A new diagnostic tool developed by scientists at Ohio State University promises to drastically reduce the time needed to detect radiation sickness, by measuring a pair of key biomarkers in just a single drop of blood. With the results ready in just a few hours, the technology could be of great aid for health workers responding to disasters such as Chernobyl, by allowing them quickly identify the patients who need immediate treatment.
Radiation sickness or acute radiation syndrome (ARS), like that experienced by the workers at the Chernobyl nuclear power plant in 1986 or the residents of Hiroshima and Nagasaki in 1945, can cause a rapid deterioration of a person’s health, and often death.
This sickness occurs when most or all of the body is subjected to a large but short-lived dose of penetrating radiation, meaning it is able to reach the organs but is delivered very quickly, usually in just minutes. Determining the degree of radiation exposure is vital to triaging patient treatments, though this currently takes three to four days through what is known as a dicentric chromosome assay.
The Ohio State University team has found a more efficient way forward by focusing on a pair of microRNA molecules in the blood. One of these, microRNA-150, was shown through previous research to be a reliable biomarker of the degree of bone marrow damage, by decreasing in numbers as a result of radiation exposure.
The second molecule, microRNA-23a, remains unchanged throughout the process. This allows the scientists to measure the radiation absorbed during an event and the risk to the patient, in much more expedient fashion than that offered by a dicentric chromosome assay.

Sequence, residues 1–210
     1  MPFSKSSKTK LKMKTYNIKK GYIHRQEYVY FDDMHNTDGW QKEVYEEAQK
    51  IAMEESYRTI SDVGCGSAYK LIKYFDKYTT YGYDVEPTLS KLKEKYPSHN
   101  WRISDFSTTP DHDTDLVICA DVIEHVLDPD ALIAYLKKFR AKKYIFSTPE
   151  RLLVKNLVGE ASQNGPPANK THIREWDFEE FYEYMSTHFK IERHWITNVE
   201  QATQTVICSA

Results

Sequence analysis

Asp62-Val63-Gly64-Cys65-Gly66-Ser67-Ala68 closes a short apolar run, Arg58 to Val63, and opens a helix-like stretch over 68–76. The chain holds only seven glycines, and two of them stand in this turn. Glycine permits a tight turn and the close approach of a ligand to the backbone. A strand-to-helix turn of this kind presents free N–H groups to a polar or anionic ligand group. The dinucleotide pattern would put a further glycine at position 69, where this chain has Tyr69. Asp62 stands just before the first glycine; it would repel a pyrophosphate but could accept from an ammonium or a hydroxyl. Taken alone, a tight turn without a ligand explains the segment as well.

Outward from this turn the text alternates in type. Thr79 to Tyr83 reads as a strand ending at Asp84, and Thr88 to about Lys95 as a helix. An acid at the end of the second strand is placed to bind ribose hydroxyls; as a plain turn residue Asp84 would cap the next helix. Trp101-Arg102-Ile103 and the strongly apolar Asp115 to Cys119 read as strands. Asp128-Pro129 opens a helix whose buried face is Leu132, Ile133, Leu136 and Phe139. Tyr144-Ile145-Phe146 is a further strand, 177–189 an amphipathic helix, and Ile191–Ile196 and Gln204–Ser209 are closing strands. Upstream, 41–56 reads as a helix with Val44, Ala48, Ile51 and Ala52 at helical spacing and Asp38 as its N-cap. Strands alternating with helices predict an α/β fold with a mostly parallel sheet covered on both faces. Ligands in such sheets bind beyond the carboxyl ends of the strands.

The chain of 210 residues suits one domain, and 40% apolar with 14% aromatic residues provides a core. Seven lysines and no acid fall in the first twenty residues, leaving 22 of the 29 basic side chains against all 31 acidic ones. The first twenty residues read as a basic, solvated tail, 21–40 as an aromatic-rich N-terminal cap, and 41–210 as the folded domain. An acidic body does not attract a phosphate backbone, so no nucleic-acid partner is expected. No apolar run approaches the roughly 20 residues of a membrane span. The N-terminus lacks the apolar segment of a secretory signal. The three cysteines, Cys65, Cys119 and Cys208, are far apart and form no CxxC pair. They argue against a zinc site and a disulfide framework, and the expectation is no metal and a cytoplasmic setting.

“This new test uses a single drop of blood — collected from a simple finger prick — and results are ready in a few hours,” says Naduparambil K. Jacob, study author. “It is rapid, scalable and can serve as a point-of-care-type diagnostic tool for real-time evaluation to screen a large number of individuals in a short time.”
While the new test could prove very valuable in the emergency response to incidents like Chernobyl, it’s potential doesn’t end there. The team imagines that with further work it could also find use in cancer treatment, where patients are often exposed to radiation therapy and ensuring dosage levels are correct and safe is a primary concern.
“Some patients develop major issues like thrombocytopenia and neutropenia as the result of radiation treatment,” says Jacob. “We can’t look at a patient and determine how much radiation he or she has absorbed, but the impact can be cumulative. As a result, radiation sickness could occur weeks or months after the radiation therapy. With additional research, this new testing method could potentially help oncologists measure — in real time — absorbed radiation and intervene before radiation sickness occurs.”
The research was published in the journal Science Translational Medicine.
Source: Ohio State University
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